Phosphorus fertilizers (P) include triple superphosphate and monammonium phosphate (phosphate + ammonia). Phosphorus is mined from volcanic and oceanic rock deposits. It is mixed with sulfuric acid to make fertilizer. The US, China, India, Russia and Brazil have the largest phosphorus deposits. [5]

Potassium fertilizers (K) are simply called "Potash", which is the accepted slang for Potassium Oxide. Potash needs to be mined from ore deposits, which are most common in Canada, Russia, Belarus, Germany and the United States.[5]

Nitrogen

Phosphates

Potash

Trends and Forces

Growth in developing economies helps fertilizer companies

Industrialization gives people a taste for meat, which requires 12-16 times the agricultural output per calorie than grain. [6] For example, the average Chinese citizen now eats twice as much meat as he/she did in 1990. Net imports of vegetable oil, meat, sugar and wheat in developing nations are up 1300% over the last 40 years, and are expected to grow 345% by 2030.[7][8] The FAO reports that people are generally eating more in the developing world, where daily calorie consumption is expected to rise 10-20% per-capita by 2015. [8]

As emerging markets build infrastructure and factories, they will eat more and drive up the price of oil. This will make biofuels a relatively more attractive energy source. The USDA estimates that 1 gallon of ethanol requires 20+ pounds of corn so it is easy to see how fertilizer companies will benefit from enhanced biofuel production. [9]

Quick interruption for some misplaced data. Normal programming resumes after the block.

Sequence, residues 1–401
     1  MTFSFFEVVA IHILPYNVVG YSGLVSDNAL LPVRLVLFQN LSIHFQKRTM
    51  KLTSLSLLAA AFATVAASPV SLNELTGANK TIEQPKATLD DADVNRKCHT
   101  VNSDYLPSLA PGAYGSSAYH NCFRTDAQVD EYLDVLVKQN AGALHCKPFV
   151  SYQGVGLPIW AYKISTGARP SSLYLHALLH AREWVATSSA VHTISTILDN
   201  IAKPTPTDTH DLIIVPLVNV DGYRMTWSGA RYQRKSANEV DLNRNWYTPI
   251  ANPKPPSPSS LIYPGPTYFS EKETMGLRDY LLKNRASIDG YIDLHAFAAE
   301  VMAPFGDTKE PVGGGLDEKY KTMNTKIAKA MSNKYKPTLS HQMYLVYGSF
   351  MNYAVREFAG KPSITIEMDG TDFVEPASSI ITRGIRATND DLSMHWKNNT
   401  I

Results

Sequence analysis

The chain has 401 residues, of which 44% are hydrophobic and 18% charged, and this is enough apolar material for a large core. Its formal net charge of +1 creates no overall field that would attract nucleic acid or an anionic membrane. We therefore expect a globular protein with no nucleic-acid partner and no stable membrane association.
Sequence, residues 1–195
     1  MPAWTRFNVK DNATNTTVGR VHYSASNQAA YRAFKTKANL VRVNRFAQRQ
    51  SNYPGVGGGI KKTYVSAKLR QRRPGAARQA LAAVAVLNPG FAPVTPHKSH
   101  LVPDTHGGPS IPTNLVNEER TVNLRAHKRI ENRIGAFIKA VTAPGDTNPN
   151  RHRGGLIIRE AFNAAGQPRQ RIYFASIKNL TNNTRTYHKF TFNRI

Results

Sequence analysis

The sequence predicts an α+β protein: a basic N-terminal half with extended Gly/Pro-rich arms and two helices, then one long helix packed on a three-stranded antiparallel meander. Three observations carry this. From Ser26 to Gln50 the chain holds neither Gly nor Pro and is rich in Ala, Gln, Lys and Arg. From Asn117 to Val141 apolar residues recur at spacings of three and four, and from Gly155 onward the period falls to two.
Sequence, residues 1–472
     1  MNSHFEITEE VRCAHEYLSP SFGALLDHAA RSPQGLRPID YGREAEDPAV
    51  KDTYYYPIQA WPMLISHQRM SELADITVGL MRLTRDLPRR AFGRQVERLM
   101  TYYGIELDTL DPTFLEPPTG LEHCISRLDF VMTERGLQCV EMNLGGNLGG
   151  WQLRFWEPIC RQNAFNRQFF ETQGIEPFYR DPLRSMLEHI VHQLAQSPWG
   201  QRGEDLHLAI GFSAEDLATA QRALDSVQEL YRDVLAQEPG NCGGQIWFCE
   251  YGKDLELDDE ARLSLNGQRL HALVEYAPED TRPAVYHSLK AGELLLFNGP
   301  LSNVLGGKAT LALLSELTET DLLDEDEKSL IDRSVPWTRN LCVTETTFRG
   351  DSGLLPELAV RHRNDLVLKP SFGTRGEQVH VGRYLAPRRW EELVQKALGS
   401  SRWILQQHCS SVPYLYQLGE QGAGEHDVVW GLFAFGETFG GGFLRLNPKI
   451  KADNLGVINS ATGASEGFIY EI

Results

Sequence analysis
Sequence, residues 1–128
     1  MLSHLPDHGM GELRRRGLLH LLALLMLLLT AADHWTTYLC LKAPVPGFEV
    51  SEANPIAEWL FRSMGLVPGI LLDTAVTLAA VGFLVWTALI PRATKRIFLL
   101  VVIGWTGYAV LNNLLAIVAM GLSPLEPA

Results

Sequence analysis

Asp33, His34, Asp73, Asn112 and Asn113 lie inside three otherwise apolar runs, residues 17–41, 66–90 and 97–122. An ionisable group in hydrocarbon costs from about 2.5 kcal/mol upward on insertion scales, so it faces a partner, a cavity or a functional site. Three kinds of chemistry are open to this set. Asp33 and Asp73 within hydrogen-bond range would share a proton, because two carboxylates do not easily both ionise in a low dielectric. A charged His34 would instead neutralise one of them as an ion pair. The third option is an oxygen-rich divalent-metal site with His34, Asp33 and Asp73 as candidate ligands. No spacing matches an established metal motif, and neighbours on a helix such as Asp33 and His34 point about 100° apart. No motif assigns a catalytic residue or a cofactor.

Increased use of corn/soy based biofuels helps fertilizer companies

Biofuels section Ethanol in the U.S. is produced from corn, one of the most fertilizer and nitrogen intensive crops. From 2007-2008, corn prices jumped 125% due to heightened demand for biofuels, food, and livestock feed.[10]

The demand for Ethanol and biofuels peaked in 2008 along with gas prices, only to falter in 2009. People only consume biofuels, it seems, when gas prices are extremely high. For instance, the Midwest has seen a 52% drop in ethanol consumption, with only a 3% drop in gasoline consumption. Ethanol is about 15-20% less efficient than gasoline, and studies have shown it needs to be about 40 cents cheaper per gallon to compete. [11]

There is also evidence that ethanol is extremely fuel inefficient, requiring 70% more energy to produce than it actually yields. Soy-based fuel is somewhat more promising Soy biodiesel is significantly more powerful than ethanol, yielding 120,000 BTUs per gallon versus 80,000 BTUs. [12] [13] Bunge (BG)

New research done at UC Merced and published in the journal Science in May 2009 presents evidence that crops yield 81% more energy per unit area of land when it is burned to make electricity to power cars than when it is refined into ethanol.[14] Furthermore, greenhouse gas emissions from this "bioelectricity" are 100% lower per unit area of land than cellulosic ethanol.[15]

In July, 2009, Exxon Mobil (XOM) entered a five-year, $600 million partnership with Synthetic Genomics Incorporated, to develop algae-based biofuels.[16]